Good Picture 2007: The Imaging Chain

An RPS Symposium - Papers Presented

Following the success of the previous four Good Picture Symposia, the Imaging Science Group of the Royal Photographic Society held another in its series of tutorial seminars (on 18 December 2007) on selected technical aspects of Digital Imaging. The aim of these lectures and discussions is to provide imaging practitioners, keen amateurs and students with insights into Digital Imaging and provide some tools and guidelines for assessing cameras and output. Some of the papers presented may be downloaded (see links below) by kind permission of the authors, as and when the files become available to us.


Dr. Graeme Awcock - Phurther Phantastic Photosites
University of Brighton
The "Phantastic Photosites" presentation at "Good Picture - 2006" looked at the principles of CCD image sensors with their capabilities and limitations in the context of Digital SLR applications. This presentation will investigate some of the developments that are being offered by manufacturers that complicate the issue of answering the questions "how many pixels have I really got?" and "how many pixels do I really need?"

Dr. Hani Muammar - Lenses for Digital Cameras
Kodak European Research, Cambridge
The quality from DSCs has improved significantly in recent years. This has been partly due to the advances in sensor technology which has resulted in increases in image resolution. However these improvements would not have been possible without advances in the imaging optics. An overview of camera lenses will be given with emphasis being placed on application to digital cameras. The pros and cons of using current (legacy) lenses designed for 35mm film SLR cameras with digital SLR cameras will be discussed. Recent developments in lenses for small digital cameras will be reviewed.

Dr. Alan Hodgson - Astronomical Telescopes as Camera Lenses (1.4Mb PDF file)
Independent Consultant
Probably the best known set of camera optics in Earth orbit is the Hubble Space Telescope. However, there are many other satellites using smaller optics that instead of looking outward are involved in Earth surveillance activities. This presentation will look at some of the attributes of these and using these lessons will show the sort of results that you can achieve using a consumer astronomical telescope as a lens for a digital camera.

Dr. Tony Kaye and Dr. Harry Adam - Photography in the RAW (2.6Mb PDF file)
Imaging Consultants
Professional DSCs and those for advanced amateurs allow the capture of "RAW" images. This talk will address what "RAW" files are, and what advantages/disadvantages they offer compared to fully rendered JPEG or TIFF images created "in camera". Photographers regard a "RAW" image file as a digital negative that must be "developed" using a "RAW" converter. In the same way that no two film developers are the same, we will show that "RAW" converters differ in characteristics, and will compare and contrast the results obtained with different "RAW" converters with fully rendered in-camera images.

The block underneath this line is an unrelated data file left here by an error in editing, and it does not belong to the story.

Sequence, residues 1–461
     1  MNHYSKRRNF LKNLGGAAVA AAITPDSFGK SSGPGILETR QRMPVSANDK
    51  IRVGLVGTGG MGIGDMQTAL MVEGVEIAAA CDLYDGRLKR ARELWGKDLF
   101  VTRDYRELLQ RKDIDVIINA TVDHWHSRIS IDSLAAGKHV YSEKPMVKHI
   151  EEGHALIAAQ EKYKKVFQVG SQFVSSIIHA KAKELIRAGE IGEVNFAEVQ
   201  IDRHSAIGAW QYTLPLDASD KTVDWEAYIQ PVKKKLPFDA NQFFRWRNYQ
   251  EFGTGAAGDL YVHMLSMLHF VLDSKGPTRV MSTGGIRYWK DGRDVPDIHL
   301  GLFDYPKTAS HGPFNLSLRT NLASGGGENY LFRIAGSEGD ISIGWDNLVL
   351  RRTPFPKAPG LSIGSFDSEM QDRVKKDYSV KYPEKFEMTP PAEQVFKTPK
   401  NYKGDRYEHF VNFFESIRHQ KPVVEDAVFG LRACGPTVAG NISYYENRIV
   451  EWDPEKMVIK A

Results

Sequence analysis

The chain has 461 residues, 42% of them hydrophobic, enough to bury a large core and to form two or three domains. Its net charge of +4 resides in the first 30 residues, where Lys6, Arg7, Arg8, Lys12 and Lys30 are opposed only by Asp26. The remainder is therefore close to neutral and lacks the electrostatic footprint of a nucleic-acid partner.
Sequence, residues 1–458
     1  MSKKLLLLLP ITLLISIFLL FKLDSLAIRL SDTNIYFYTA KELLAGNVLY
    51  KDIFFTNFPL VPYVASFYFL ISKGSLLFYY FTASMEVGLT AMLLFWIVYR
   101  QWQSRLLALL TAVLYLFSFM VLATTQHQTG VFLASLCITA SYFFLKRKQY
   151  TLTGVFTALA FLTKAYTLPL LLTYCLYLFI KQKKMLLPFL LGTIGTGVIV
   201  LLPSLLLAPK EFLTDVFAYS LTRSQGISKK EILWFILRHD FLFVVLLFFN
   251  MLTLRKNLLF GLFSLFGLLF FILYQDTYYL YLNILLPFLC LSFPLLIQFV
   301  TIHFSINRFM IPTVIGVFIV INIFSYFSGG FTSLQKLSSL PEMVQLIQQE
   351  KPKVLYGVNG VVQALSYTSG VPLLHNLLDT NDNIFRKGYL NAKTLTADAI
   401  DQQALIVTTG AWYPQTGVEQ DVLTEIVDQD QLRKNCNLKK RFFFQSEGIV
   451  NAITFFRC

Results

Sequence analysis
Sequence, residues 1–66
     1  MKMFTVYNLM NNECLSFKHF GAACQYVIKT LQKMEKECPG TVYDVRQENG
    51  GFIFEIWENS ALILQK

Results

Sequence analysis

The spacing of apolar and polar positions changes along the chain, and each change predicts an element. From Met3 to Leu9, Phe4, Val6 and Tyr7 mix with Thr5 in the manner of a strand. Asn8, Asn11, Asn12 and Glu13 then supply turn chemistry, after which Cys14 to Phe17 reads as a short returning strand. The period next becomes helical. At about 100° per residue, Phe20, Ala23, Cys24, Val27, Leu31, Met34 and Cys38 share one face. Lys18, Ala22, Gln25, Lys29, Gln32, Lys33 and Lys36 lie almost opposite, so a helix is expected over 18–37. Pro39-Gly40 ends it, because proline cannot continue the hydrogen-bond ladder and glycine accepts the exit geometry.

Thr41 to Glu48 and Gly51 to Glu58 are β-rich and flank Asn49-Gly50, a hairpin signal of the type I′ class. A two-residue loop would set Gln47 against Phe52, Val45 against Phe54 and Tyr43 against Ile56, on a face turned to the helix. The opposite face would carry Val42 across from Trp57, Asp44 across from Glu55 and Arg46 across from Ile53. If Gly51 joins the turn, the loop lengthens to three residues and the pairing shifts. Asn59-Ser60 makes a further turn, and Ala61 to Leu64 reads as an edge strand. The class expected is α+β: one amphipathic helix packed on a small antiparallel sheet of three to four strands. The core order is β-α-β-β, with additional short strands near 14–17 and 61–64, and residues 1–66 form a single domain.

Richard Sharman - Image Optimisation (2.7Mb PDF file)
Imaging Consultant
You may have a camera with multiple exposure modes, your workflow may be fully colour managed, but still some images may be disappointing. In this session various techniques for image optimisation will be explained, including when and where "auto colour/contrast/optimise" may be helpful. Also covered will be "big prints" - how to make optimum use of your pixels! In addition to the slides presentation (above) the author has also kindly supplied the notes that go with it.

Mike Tooms - Proving Colour Management is Working Well in Your System (4.2Mb PDF file)
Imaging Consultant
A project to identify the relationship between theory and practice at each step of the workflow from scene to print. The primary aim is to photograph a GretagMacbeth Color Rendition chart and produce a close visual match between it and the system monitor display and the resulting print. Equally important at each step in the workflow is to understand the theoretical basis of the setup menu options offered and to define the option required from amongst the often confusing array available in each element of the reproduction system, i.e. the digital camera, Adobe Gamma, Adobe Photoshop and the inkjet printer driver.

Ray Knight - The Final Link in the Imaging Chain (2Mb PDF file)
The final step in the imaging chain is not the printer/display screen but the eye/brain complex. Fitting the reproduction of a real world scene into the "limits of a print" requires understanding of the dynamic range of the camera, and then the scene and lighting contrast ranges. The adaptation of the eye brings some formality to viewing conditions, and the white balance settings adopted especially when shooting outdoors. The various defects of a digital print such as pixels, tonal layering, compression artefacts and over-enhanced sharpness are looked at: it is hoped they remain subliminal.